Three Trends Driving Restaurant Delivery Growth

Three Trends Driving Restaurant Delivery Growth

Digital food ordering is poised to grow even more in 2019

Food delivery, while once niche, is becoming more mainstream. This year saw the explosion of fast food giants like McDonald's and Burger King going all-in on digital ordering and delivery through partnerships with UberEats and Grubhub, momentum that's certain to continue throughout 2019.

Multiple converging trends are spelling success for this emerging channel. Here are three:

Dining Out Less

Just as fewer consumers are going to the movies in lieu of watching shows at home, they are also dining out less and ordering in more. 

While most US internet users in an October 2018 Ipsos survey predict their levels of dining out (66%) and ordering delivery (54%) will stay the same next year, a significant number said they would be dining out less often (22%). Slightly more than one in 10 respondents expect to order delivery more. 

According to a November 2018 GlobalWebIndex survey, close to three in five internet users in the US and UK who have ordered delivery say they have been eating out less in the past 12 months as a result. This figure is even higher for those ages 16 to 34 (more than 65%). Previous studies have also shown that propensity to use restaurant delivery services declines with age.

Entertaining at Home

On the flip side, what are these delivery users doing while eating? Socializing at home, for the most part. A majority are hanging out with family or roommates (54%) and an equal number are watching streaming TV. (Fewer watch regular TV at 46%). More than one-quarter (28%) are having a party or spending time with friends.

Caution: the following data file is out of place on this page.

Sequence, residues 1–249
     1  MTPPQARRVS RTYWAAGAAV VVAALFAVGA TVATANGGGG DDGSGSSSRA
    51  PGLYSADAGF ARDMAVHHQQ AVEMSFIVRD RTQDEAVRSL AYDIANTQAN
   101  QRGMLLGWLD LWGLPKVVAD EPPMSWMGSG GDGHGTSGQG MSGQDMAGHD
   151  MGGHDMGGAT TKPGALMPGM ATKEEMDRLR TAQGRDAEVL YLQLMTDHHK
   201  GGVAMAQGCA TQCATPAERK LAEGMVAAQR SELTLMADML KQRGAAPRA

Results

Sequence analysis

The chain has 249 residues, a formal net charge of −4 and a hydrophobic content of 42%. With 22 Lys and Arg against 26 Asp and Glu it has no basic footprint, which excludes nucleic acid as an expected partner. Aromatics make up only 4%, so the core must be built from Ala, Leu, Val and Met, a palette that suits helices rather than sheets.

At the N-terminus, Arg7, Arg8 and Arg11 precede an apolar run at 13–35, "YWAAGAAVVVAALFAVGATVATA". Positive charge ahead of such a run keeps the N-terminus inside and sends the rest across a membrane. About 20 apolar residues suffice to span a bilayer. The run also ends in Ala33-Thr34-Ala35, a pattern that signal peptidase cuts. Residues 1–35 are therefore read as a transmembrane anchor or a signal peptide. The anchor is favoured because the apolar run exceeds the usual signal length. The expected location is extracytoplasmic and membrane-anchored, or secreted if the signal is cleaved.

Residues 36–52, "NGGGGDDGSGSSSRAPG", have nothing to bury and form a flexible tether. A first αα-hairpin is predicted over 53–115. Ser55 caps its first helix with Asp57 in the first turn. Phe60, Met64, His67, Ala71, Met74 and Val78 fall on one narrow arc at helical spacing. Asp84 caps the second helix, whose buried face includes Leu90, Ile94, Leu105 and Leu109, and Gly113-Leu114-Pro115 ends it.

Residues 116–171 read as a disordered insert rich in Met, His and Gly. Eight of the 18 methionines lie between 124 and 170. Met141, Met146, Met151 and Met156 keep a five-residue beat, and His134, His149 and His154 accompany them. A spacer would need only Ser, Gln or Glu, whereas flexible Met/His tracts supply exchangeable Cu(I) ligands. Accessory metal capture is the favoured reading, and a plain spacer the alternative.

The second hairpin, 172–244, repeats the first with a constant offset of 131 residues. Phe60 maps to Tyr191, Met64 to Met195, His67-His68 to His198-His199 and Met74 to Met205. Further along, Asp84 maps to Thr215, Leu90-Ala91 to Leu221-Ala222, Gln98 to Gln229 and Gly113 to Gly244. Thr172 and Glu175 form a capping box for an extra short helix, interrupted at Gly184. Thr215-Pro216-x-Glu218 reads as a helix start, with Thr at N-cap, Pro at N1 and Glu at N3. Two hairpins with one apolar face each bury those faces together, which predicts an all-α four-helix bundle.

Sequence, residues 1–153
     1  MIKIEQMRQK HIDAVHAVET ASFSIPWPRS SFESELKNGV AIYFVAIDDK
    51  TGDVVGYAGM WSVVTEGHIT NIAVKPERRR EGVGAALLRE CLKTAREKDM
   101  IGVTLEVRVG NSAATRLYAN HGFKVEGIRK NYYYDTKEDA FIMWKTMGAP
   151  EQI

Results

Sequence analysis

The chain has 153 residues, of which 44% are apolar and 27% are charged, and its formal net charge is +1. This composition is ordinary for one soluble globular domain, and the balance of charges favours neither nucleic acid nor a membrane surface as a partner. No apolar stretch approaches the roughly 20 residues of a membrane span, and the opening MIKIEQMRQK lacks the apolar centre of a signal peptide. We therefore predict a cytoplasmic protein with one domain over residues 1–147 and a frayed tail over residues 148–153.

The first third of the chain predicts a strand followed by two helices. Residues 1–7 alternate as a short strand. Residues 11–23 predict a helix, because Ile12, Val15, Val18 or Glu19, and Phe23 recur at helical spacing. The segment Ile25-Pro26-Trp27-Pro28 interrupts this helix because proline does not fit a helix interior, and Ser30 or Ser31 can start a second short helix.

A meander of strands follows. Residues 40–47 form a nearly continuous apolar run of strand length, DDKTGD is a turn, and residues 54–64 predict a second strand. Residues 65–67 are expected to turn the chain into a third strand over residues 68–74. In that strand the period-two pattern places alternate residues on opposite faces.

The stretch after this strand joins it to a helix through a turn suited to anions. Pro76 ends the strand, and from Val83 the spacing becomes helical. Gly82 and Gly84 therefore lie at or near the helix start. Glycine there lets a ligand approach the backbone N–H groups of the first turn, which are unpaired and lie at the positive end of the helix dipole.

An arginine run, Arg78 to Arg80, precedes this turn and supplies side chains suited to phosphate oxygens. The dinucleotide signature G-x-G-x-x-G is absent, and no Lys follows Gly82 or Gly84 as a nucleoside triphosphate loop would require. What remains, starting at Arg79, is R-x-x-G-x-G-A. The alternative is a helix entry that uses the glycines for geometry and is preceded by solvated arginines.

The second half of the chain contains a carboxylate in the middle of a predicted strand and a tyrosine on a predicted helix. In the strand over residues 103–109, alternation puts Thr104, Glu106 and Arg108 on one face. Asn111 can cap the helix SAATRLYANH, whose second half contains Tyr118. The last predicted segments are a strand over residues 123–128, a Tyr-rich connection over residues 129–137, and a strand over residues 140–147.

In the Ipsos study, the statement that most US internet users agreed with (76%) was "eating together means that we communicate better with each other." Yet 56% also reported they had the TV on during dinner. Screen time and social time are synonymous for many. 

More Meal Opportunities 

Dinner is currently the most common meal time for delivery, though that could change. Chris Kempczinski, president of McDonald’s USA, told Ipsos as part of a fall 2018 report that more than half of their orders are during this time. But snacking is becoming the norm rather than three set meals per day, and more consumers are working remotely which could lead to a rise in lunch deliveries.

Consumers who already order food through a website or app tend to be regular users. In the US, most order weekly (28%) followed by two to three days per week (25%) while 11% order daily. Far more order lunchtime delivery in the US (15%) than in the UK (3%), which hints at the growth opportunities beyond ordering delivery to the office.